Battle to the death between Boblin the Goblin and Ugbear the Bugbearian. Captured by Stillness InMotion on Unsplash

Pointers for structuring and running an engaging Battle Royale in Dungeons & Dragons 5e.

Suffering Breeds Innovation

I finished my costume and war paint, then logged into Zoom ready to BE Boblin the Goblin — my 10th level Arcane Archer Fighter. After two weeks of planning with the other members of my squad I was ready for a memorable night of shenanigans playing Dungeons & Dragons in the form of a 3v3 Battle Royale.

We had a variety of players — the Dungeon Master (DM) had played since the 3.5e days, some of us had played for a couple years, and one brand-spanking-new player who had joined us for the last two sessions of our regular campaign…

You can get this badass dragon wallpaper over at

How I modified the D&D 5e system to build a 1-hour adventure for 10 coworkers and how you can use it to create an exciting virtual team get-together!

Over the last 8 weeks my team has been very deliberately making sure that we all still feel connected and human during the stay-at-home order. We’ve been holding weekly virtual happy hours with rotating owners, ranging from trivia and card games to spreading kindness via post cards (which by the way if you haven’t checked out the Be Kind & Live Happy program it is seriously cool).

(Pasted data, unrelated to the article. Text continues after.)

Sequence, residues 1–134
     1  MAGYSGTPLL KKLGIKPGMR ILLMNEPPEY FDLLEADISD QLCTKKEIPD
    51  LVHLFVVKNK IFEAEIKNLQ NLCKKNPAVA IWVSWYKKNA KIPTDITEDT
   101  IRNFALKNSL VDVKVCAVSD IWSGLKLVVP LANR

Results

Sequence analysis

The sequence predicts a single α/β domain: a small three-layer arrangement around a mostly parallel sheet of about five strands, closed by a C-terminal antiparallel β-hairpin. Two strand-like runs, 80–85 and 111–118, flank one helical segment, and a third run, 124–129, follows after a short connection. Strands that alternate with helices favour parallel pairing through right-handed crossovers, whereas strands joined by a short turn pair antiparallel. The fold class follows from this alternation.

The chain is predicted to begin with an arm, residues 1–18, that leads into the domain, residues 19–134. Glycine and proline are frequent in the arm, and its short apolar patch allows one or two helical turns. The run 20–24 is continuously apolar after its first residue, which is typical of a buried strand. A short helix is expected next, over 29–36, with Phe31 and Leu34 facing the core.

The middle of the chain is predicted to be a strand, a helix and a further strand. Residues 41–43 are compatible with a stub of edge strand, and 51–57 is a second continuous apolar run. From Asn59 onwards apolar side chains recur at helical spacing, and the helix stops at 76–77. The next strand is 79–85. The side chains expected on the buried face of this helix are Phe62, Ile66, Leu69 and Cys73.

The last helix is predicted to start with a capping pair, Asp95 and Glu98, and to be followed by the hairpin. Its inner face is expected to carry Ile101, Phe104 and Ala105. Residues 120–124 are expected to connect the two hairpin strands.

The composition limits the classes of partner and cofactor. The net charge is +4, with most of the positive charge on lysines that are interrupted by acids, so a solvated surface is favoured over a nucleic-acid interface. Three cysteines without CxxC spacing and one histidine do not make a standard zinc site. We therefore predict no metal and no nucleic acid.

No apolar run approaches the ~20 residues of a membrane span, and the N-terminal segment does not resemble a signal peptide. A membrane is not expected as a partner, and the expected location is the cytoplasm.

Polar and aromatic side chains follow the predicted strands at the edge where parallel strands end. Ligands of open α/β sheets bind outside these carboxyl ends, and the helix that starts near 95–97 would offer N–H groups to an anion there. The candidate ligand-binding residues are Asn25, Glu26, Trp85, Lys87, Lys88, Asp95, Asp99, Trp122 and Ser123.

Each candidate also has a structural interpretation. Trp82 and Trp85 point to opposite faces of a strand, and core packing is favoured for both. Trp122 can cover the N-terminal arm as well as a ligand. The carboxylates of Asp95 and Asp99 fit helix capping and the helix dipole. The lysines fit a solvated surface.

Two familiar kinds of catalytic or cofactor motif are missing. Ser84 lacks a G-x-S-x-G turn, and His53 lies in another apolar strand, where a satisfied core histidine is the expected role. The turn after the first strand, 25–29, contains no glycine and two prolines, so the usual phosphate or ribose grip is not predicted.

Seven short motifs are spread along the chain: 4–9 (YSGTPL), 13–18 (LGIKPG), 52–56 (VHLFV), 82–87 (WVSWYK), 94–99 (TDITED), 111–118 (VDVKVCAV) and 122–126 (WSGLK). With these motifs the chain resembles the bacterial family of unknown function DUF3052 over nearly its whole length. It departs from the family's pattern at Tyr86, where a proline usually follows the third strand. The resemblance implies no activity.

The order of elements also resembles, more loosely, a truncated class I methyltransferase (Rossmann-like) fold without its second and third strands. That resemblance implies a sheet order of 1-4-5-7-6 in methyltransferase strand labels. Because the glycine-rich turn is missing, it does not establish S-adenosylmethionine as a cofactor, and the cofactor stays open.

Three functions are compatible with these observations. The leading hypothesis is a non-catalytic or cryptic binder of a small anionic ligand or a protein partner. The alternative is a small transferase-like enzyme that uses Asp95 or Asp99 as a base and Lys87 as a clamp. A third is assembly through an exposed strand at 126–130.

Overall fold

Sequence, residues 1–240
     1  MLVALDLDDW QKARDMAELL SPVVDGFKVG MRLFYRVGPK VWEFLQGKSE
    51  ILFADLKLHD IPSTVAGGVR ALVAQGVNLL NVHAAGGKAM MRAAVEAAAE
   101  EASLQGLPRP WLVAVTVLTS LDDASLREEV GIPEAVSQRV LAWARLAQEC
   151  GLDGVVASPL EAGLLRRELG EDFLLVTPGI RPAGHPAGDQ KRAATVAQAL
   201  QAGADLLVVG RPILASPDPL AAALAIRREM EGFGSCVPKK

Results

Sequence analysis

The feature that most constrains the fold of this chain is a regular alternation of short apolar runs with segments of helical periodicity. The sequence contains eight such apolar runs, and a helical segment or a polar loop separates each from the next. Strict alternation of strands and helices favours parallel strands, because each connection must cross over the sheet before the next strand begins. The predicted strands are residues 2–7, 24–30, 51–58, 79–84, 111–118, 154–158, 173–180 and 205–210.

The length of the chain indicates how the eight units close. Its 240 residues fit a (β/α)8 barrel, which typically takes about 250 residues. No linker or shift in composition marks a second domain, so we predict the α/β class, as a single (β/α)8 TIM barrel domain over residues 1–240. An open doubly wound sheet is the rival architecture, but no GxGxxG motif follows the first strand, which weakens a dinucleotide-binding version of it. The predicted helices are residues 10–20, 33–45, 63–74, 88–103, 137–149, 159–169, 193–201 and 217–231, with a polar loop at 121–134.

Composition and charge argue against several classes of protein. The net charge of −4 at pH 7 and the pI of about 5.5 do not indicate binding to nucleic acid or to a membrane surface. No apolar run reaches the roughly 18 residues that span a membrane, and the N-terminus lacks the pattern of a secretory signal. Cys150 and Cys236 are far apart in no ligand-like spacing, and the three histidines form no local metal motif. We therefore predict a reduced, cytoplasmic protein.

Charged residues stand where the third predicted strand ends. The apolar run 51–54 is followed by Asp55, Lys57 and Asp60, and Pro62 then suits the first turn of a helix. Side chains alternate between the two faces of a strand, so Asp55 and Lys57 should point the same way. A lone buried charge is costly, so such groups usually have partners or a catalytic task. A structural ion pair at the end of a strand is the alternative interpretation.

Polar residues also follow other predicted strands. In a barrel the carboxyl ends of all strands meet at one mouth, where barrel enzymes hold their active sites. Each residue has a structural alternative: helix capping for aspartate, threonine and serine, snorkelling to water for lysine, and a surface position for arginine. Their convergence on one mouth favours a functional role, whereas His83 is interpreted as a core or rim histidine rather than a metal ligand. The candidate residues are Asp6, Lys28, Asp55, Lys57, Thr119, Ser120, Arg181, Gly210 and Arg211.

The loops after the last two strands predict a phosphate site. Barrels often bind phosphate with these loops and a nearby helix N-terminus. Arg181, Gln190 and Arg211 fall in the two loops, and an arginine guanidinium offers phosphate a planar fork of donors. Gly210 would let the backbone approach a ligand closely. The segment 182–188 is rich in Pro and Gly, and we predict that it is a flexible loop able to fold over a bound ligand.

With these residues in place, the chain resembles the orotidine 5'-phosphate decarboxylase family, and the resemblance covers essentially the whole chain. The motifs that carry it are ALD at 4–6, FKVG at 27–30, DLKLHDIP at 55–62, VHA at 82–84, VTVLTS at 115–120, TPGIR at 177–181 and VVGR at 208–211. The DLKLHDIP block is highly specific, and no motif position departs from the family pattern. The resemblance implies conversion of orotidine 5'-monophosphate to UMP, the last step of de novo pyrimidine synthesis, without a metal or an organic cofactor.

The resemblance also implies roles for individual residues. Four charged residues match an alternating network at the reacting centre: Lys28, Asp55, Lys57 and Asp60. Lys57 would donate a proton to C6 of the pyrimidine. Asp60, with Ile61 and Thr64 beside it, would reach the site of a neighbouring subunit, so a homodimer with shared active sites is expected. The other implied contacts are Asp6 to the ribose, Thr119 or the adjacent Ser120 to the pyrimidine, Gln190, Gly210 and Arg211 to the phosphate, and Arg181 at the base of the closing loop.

When my turn came to own the weekly virtual happy hour I immediately knew that I wanted to run a Dungeons & Dragons session for the team. I thought it would be something…

Using real world data from Competitive Overwatch matches to determine how Blizzard has adapted the popular Elo rating system for use in Overwatch.

When you’re trying to figure out how you got matched up against someone who is 1,300 levels higher than you.

Anyone who has played Overwatch’s Competitive game mode has encountered a number of frustrating things: “pro” Widows and Genjis, countless Hanzo mains, and that occasional matchmaking that causes you to question if Blizzard is actively punishing you for something terrible that you must have done in another life. I can’t help with the first two — but if you’ve ever wondered, “is there actually a method to this matchmaking madness?”, then this article is for you.

Turning GeoJSONs into Dashboards

Washington, DC Crash Data Dashboard built using the Open Data DC API

Many cities have a wealth of safety data — crime, moving violations, crashes, etc.— but having data in and of itself does not always equate to having information. If it did, the world wouldn’t need analysts!

After repeatedly receiving requests to perform traffic safety analytics for our clients, I undertook the task of developing an interactive tool that would enable cities to explore their own safety data in a way that would easily allow them to extract relevant safety-related information and insights.

A key component to this tool was the ability to provide the cities with crash data that was…

Lance McDiffett

Data scientist, video game enthusiast, cat lover.

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